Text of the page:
Missing conwoman Melissa Caddick’s husband Anthony Koletti says coroner’s criticism ‘disgraceful’
Missing conwoman Melissa Caddick’s husband has hit back after a coroner described his evidence on her disappearance as “full of inconsistencies” and “just untrue.”
Anthony Koletti was visibly furious after NSW Deputy Coroner Elizabeth Ryan found he was likely aware of his wife’s movements after she disappeared, but did not reveal what he knew.
“It is disgraceful,” Mr Koletti told Daily Mail Australia on Friday.
Ms Ryan took aim at Mr Koletti on Thursday when she handed over her latest findings on Caddick’s sudden disappearance two and a half years ago.
The fraudster went missing after defrauding $23 million from investors, many of whom were close family and close friends.
She was last seen near her home in Dover Heights in Sydney’s eastern suburbs on November 11, 2020, when her property was raided by Australian Securities & Investments Commission (ASIC) investigators.
Conwoman Melissa Caddick’s husband Anthony Koletti (above) has criticized a coroner’s findings. He was likely aware of some of her movements in the days after she disappeared, but has not disclosed what he knew
Mr Koletti reported his wife missing on November 13, some 30 hours after she was believed to have been last seen.
In her findings, Ms Ryan said Mr Koletti had failed to provide a “full and candid account” of what happened to the inquest.
“I have formed the opinion that it is likely that on November 13, 2020, Mr. Koletti had some knowledge of Ms. Caddick’s movements over the past two days, but chose not to disclose it,” she said.
“I accept that Mr. Koletti’s inherent unreliability placed a significant burden on the investigating police.”
Mr Koletti pushed 60 Minutes reporter Tom Steinfort away as he stormed to his car outside the courthouse in Lidcombe in western Sydney.
The barber’s brother-in-law, Adam Grimley, was behind the wheel and honked loudly as Mr. Koletti burst in.
Caddick’s husband Anthony Koletti (pictured together) only reported his wife missing when he contacted Rose Bay Police Station at 11:45am on November 13 – a full 30 hours after she was last seen
Ms Ryan said Mr Koletti was described during the inquiry as the ‘most impressive and unreliable witness’, whose lack of candor was one of the reasons why, how or when Caddick died.
She added that Mr Koletti has given different accounts of what happened in the days following Caddick’s disappearance – and that his lack of intellect was no reason why he couldn’t explain.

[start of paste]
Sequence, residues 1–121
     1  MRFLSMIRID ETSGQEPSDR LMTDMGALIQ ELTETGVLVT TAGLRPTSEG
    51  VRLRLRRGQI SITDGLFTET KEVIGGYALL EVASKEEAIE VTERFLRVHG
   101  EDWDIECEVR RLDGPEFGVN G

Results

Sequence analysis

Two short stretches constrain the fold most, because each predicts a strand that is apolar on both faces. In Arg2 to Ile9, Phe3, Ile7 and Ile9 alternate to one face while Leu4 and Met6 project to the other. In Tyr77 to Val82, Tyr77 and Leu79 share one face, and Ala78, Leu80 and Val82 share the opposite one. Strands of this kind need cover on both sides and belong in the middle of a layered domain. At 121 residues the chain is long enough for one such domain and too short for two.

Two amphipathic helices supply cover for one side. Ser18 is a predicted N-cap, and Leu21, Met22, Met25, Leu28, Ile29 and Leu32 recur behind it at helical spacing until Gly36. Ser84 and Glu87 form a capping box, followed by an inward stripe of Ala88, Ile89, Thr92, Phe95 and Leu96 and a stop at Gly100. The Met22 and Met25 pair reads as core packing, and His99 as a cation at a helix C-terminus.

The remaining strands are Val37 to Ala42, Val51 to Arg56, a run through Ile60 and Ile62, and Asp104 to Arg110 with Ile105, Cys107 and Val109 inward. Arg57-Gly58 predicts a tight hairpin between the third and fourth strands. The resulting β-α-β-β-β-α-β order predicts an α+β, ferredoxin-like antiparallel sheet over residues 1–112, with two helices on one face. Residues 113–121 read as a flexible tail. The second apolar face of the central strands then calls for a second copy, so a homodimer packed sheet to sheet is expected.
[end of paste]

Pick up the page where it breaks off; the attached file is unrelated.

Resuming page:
“Mr. Koletti’s evidence during the inquest was full of contradictions,” said Ms. Ryan.
“It is fair to say that when he was not creating further inconsistencies, he tried to explain them with opaque and sometimes incomprehensible explanations.”
Ms. Ryan, accepting that Caddick was dead, found that Mr. Koletti had made several different statements about what happened between November 11 and November 13.
“Mr. Koletti has failed to explain in an understandable way the many contradictions within and between these accounts,” she said.
Simply put, the differences are too numerous and persistent to be attributed to stress and (his) lack of intellectual sophistication.
“The inescapable conclusion is that at times during the investigation and inquest, Mr. Koletti chose to make statements that are simply not true.”
NSW Deputy State Coroner Elizabeth Ryan concluded that Melissa Caddick had died, but it was still unclear how and when she lost her life
Ms. Ryan’s findings touched on several aspects of Caddick’s disappearance, including theories about how she died, the police investigation and her husband’s response.
Caddick’s foot was washed up on Bournda Beach, 400 km south of Sydney, in February 2021 in an ASICS shoe.
Ms. Ryan shut down the long-running theory that Caddick could still live without her foot and may have escaped abroad after somehow removing her leg.
Caddick’s foot was found washed up on Bournda Beach on the NSW south coast three months after her disappearance
She said it was highly unlikely that Caddick’s foot had been deliberately removed, either by herself or someone else.
However, the cause of her death was still unclear. The coroner found there was not enough evidence to prove that Caddick took her own life by jumping off the cliffs along the road from her home.
Ms Ryan said the inquest heard from forensic psychiatrist Dr Kerri Eagle who diagnosed Ms Caddick as possibly having a narcissistic personality disorder.
She noted that patients with this condition are at risk of committing suicide if they experienced something that deeply shamed them. But that wasn’t enough to prove suicide – a leading police theory.
Police suspected that Caddick committed suicide on the morning of November 12 by jumping off the cliff at Rodney Reserve, about 500 meters from her home.
Mrs. Ryan could not determine with any certainty whether Caddick died with the help of another person or of misfortune.
“I regret that no positive findings can be made as to the cause and manner of death of Mrs. Caddick,” she said.
“Her disappearance from her family in traumatic circumstances must be a source of deep and lasting grief to them.”
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